When my book The Soccer Mom Myth first came out, I did a reading at a book store which was attended by an old friend of my father. This guy had been in advertising for a long, long time.
After my presentation, he came up to me to tell me how much he enjoyed it, and that he disagreed with everything I said.
"Um, OK" was about all I could manage. How could he have disagreed with everything? All of the points presented in the book are backed up by research – from neurology to behavioral scientists to my own research and online testing.
What was the problem? I lost him at "Hello."
He disagreed with my very first premise, which is that men and women have different buying processes.
If you want to change someone's mind, you have to start with a point on which you agree
I'm a total geek when it comes to wording and messaging, or, in more fancy language, rhetoric and logic. There's an incredibly powerful principle/technique every marketer should understand – Enthymemes.
I realize at this point I risk losing all my readers with the possible exception of Jeff Sexton who is an even bigger writing geek than I am. (and I mean that as the highest possible compliment). But hang in there with me.
Here's how The Modern Scholar: A Way With Words defines an enthymeme:
An enthymeme is the point of the argument where you lean forward, look the other person in the eye and say: “Can’t we at least agree that . . .” and then go on from there.
Here's why enthymemes are so important:
The most important thing you can do in constructing your argument is the creation of an effective enthymeme. Without an enthymeme, no real argument is possible. With the right enthymeme, you can get someone to agree to pretty much anything you want. If you have defined the starting point properly, and if you use your logic correctly, your reader or hearer will have to arrive at your conclusion because it will be forced upon him or her by the logic.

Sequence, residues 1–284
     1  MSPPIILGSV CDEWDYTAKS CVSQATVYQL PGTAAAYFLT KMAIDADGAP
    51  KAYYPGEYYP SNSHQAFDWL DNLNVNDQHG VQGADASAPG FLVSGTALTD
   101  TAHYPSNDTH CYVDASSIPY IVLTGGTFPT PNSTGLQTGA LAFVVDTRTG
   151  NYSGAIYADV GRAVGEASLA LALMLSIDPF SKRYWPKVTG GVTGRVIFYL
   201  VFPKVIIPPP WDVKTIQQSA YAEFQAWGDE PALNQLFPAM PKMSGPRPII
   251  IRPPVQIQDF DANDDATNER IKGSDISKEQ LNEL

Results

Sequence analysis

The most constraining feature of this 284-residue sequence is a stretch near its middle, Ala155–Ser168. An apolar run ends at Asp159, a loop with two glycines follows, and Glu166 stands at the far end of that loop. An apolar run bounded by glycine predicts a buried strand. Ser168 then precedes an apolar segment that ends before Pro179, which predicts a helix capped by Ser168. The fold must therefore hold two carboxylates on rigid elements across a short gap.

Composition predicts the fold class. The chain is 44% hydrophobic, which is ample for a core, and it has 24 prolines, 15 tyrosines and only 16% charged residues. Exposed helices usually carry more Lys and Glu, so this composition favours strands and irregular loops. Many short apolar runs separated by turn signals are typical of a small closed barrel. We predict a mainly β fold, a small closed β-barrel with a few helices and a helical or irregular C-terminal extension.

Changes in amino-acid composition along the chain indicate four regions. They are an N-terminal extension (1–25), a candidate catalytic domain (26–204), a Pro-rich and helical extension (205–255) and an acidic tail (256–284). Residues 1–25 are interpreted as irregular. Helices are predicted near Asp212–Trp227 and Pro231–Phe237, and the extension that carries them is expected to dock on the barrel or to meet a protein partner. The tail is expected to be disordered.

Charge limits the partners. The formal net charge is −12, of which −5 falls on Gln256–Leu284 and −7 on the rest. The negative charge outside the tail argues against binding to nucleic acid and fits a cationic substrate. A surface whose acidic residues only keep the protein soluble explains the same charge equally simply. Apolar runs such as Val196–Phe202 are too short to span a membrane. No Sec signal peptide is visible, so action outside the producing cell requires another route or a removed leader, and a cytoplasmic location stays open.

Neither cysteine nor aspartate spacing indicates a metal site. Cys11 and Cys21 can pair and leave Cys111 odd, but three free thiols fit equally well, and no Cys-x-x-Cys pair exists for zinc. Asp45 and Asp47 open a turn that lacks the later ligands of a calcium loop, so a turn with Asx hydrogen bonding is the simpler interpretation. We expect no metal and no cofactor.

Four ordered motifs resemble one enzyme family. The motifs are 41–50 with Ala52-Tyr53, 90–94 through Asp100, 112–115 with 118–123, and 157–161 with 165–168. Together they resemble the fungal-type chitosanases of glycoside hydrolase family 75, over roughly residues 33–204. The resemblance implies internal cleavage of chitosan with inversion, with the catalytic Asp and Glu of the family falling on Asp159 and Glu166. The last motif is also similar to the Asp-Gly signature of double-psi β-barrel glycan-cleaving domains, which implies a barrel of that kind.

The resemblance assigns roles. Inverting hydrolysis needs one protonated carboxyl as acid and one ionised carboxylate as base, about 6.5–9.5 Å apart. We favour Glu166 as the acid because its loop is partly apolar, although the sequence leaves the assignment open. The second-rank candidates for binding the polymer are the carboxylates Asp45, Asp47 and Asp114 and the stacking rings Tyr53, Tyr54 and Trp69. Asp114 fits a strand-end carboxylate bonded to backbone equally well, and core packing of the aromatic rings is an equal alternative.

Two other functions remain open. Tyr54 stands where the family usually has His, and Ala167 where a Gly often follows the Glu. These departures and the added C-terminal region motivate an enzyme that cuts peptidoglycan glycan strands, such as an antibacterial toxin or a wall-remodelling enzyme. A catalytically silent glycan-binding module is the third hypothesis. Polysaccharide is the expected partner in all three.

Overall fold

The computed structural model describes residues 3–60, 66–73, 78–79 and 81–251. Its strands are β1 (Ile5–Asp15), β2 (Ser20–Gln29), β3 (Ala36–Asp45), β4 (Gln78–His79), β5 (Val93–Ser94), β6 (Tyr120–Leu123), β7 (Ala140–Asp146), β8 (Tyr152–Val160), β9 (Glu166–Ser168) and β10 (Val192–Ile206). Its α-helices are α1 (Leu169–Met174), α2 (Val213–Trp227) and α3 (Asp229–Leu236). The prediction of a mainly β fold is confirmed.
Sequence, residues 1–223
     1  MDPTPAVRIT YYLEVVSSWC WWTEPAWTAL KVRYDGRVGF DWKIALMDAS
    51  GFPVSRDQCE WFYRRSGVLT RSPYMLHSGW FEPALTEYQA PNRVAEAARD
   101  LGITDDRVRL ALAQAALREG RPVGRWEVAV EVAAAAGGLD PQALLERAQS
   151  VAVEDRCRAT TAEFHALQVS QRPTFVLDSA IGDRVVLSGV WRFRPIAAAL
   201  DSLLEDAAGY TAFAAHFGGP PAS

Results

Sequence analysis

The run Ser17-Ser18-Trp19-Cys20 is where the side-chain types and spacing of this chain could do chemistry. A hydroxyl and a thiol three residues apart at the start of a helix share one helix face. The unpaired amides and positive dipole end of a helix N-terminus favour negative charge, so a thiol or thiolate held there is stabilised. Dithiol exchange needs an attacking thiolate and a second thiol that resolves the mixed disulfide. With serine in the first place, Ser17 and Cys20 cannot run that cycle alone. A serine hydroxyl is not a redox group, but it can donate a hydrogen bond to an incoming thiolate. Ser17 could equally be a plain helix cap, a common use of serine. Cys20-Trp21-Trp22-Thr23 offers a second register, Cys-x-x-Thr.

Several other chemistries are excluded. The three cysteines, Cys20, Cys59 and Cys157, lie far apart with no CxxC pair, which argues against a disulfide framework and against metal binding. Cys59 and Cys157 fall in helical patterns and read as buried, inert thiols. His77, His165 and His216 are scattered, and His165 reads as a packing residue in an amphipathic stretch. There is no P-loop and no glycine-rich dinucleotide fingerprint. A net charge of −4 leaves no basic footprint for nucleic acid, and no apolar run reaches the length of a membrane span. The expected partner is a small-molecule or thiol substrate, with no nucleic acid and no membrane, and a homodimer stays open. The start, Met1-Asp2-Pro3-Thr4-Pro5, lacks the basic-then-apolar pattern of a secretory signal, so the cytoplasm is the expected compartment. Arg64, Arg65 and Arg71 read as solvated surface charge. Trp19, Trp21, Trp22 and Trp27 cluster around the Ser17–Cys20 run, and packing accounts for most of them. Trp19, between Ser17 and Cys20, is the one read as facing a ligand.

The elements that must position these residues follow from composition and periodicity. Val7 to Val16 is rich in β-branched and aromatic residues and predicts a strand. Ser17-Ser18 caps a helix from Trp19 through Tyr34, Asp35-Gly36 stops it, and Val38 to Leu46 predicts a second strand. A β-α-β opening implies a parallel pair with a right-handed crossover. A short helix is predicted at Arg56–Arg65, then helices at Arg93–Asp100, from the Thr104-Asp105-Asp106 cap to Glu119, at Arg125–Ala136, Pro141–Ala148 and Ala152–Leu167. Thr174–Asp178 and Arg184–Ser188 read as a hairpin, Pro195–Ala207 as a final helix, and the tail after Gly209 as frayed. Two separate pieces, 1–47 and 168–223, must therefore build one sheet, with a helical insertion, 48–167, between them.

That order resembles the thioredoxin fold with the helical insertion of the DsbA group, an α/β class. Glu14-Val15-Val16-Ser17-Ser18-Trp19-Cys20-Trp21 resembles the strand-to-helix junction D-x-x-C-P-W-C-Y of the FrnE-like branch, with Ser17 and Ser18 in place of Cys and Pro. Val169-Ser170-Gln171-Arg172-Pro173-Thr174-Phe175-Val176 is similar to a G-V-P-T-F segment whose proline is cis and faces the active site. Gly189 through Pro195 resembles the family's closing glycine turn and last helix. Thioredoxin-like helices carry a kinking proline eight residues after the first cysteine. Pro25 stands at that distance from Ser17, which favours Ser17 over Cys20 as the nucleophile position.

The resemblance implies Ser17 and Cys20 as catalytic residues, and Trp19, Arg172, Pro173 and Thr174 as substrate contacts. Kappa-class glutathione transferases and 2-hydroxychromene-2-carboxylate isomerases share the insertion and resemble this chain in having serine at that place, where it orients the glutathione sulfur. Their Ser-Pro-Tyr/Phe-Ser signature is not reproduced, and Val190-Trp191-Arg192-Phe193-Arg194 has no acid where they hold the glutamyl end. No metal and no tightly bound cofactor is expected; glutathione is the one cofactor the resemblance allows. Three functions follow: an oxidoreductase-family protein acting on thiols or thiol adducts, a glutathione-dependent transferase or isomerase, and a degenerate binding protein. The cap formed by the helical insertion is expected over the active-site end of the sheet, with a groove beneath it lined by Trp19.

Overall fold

Are you trying to change the way people think about you, your company, your product or the subject matter you're teaching?
If you're trying to change the way people think, take a look at your presentations, your marketing materials, your sales pitches…you have to start with something you can all agree on.
I know this is a sensitive topic, but……For example, if you look at the abortion debate – if you wanted to try to change someone's mind, you have to start with a point on which you all agree. An enthymeme you could start with would be:
We want to reduce the number of abortions. Hopefully both sides could agree on that statement.
When I do training or consulting on marketing to women, I no longer assume that everyone agrees that men and women are different.
I've changed my presentations to start by focusing on real world situations everyone (or at least almost everyone) can relate to. I throw out a scenario and get my audience/clients to tell me what their thought process is.
I start where they are, with something we can all agree on.
Then, and only then, do I move on to lay out my argument and advice on how men and women are different, and how that affects the way you market to them.
No matter how much research or testing or evidence I present, if they aren't with me on the basic premise that men and women are different and have different buying processes, they aren't going to take my advice or use the techniques I show them.
What's the starting point of your commercial or sales message?
One of the biggest reasons why marketing to women fails is because of the starting point.
Women put a lot of weight on corporate responsibility. The starting point of GM's new commercial is that an auto company chairman is a credible spokesperson. Remember, women have long memories and the outrage over Wall Street and Detroit executive behavior is still fresh in their minds.
If you want to be persuasive, start with an enthymeme. Build your campaign/presentation/argument from a starting point you all agree on.
Otherwise you risk losing her at "Hello."